Want to know a quick way to evaluate how much your child is learning? Where are they on the Bloom’s Taxonomy chart?
- Can they recall, describe, or tell?
- Can they state in their own words and explain?
- Can they apply what they know by showing or predicting?
- Can they classify, compare, or outline?
- Can they modify, rewrite, or produce?
- Can they draw conclusions, decide, and defend?
By using the chart, we can make sure our children are incorporating critical thinking skills — particularly useful when we pull together our own studies.
Critical thinking is often a buzz word in education. So we purchase “critical thinking” books and engage in “critical thinking” activities. But critical thinking runs through all of the subjects. After all, training the mind to think wisely is the point of education. So rather than single out “critical thinking” as a subject area, we can encourage our children to think critically in all of their activities, no matter the topic, interest, or subject.
This system works better than learning to think in a separate thinking class and then expecting to transfer the skills to other classes. Transfer is limited.
Dr. Ruth Beechick, A Biblical Home Education
Bloom’s Taxonomy was created in the mid-1950s by Benjamin Bloom and four other collaborators. In 2001 a group of collaborators including a former student of Bloom, modified the original model using verbs instead of nouns and rearranging the order slightly. This new model is actually easier to use:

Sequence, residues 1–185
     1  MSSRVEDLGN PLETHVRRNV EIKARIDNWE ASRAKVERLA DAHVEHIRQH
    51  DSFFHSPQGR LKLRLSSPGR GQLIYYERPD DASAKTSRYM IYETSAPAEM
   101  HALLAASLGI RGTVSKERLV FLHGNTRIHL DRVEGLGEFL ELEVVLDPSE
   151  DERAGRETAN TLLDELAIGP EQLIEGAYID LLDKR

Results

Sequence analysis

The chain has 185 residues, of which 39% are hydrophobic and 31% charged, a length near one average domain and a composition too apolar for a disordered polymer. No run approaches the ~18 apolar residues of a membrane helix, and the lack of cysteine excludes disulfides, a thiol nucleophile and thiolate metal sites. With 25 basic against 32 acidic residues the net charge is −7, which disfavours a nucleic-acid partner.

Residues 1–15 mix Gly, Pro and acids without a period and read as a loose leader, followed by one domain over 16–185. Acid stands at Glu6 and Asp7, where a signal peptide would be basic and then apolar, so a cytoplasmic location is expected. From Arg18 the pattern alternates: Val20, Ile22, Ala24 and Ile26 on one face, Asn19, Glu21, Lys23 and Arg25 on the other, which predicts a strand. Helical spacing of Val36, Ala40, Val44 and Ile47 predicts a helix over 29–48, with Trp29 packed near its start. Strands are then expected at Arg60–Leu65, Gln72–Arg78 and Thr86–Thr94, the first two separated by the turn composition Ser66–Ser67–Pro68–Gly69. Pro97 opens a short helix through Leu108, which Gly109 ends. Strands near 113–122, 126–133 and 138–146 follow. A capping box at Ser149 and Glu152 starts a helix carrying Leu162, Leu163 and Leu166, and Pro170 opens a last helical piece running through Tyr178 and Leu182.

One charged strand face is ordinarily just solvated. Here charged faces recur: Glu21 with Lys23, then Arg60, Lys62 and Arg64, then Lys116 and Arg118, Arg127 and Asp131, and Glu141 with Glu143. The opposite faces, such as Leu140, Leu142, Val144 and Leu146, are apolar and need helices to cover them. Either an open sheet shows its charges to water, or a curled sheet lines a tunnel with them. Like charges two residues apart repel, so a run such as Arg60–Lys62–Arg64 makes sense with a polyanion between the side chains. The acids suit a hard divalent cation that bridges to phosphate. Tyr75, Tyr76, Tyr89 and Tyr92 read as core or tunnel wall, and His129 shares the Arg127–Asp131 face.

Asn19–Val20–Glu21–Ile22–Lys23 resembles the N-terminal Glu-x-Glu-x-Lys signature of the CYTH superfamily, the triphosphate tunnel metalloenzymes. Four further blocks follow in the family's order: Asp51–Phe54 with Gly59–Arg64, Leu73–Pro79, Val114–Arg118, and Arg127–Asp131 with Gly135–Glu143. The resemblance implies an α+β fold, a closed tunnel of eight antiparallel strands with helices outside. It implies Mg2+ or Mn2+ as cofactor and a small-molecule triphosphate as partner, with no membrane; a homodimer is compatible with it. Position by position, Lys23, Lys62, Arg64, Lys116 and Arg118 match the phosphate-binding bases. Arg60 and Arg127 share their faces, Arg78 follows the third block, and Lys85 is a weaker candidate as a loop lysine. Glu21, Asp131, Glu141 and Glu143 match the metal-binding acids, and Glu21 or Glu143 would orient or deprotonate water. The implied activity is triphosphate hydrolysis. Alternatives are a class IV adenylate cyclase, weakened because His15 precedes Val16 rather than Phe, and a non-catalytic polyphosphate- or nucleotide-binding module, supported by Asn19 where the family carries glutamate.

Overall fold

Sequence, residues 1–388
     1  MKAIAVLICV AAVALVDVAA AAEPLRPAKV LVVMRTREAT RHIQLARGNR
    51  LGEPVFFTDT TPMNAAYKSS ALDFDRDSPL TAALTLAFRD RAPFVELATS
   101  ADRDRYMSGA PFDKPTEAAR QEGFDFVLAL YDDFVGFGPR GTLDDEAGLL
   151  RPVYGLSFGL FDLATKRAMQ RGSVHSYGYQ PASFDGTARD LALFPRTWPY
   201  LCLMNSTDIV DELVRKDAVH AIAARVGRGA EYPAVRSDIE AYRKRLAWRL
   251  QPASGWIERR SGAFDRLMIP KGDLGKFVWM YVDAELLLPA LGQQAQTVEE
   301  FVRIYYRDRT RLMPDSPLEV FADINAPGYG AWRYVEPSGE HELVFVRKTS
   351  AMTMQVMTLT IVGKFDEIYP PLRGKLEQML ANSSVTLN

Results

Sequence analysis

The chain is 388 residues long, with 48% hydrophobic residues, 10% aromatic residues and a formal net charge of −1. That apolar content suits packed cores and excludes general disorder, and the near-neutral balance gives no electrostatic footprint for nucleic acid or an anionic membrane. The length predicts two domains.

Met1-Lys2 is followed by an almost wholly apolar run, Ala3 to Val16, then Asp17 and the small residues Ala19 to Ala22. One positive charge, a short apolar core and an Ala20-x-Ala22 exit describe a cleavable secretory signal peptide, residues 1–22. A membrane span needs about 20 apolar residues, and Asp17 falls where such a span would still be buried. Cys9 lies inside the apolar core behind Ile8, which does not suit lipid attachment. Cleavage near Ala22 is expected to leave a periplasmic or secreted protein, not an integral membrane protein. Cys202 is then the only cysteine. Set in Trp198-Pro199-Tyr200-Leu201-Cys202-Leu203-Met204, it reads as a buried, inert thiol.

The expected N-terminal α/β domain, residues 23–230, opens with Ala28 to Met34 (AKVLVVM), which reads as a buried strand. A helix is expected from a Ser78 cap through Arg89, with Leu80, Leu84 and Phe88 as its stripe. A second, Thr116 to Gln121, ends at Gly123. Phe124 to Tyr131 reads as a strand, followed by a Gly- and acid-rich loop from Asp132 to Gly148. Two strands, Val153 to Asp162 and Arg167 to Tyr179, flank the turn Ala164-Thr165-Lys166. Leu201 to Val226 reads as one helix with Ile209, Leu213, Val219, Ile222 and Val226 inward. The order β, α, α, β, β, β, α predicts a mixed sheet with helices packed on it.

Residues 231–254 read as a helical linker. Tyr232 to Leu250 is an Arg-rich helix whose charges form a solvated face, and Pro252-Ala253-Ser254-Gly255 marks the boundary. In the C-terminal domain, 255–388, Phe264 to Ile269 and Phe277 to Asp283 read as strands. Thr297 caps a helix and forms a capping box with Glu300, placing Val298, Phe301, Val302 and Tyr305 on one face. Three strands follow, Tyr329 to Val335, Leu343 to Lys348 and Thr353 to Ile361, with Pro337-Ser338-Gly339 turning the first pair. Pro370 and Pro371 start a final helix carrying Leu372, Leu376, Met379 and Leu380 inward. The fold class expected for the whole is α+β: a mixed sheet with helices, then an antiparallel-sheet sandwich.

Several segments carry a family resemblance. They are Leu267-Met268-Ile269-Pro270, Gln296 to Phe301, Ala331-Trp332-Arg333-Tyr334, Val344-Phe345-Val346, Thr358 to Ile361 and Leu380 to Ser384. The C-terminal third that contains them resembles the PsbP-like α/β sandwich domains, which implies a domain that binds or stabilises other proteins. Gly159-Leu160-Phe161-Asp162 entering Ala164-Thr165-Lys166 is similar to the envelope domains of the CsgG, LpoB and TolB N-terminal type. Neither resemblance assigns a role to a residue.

We want to make sure our children can do more than recall basic facts — the lower order cognitive skills. We want them to be stretched to understand, apply, analyze, evaluate and create! Bloom!
This is easiest to accomplish naturally by allowing our children time to investigate their individual interests — thoroughly.
We’ll be taking a look at how we can incorporate each level when pulling together our own studies.
Bloom’s Taxonomy of Educational Objectives
Great download from the University of Illinois with an easy-to-use chart that incorporates the verbs along with questions and activities for each level. Very helpful!
Revised Bloom’s Taxonomy
Very helpful download from Iowa State.
Bloom’s Taxonomy Questions
Excellent resource from Bloomstaxonomy.org that you can download and refer to when incorporating these ideas. Each level includes an explanation of the level, keywords, questions, and assessment ideas.
Bloom’s Taxonomy — Printer Friendly Version
Handout from EclecticHomeschoolOnline.org that shows, using the old classification system, the questions to ask and the tasks our children will be engaged in at each level.
Using the new classification system, this orange from Smart Tutor shows activities your child can do in each category.
Bloom’s Revised Taxonomy with Verbs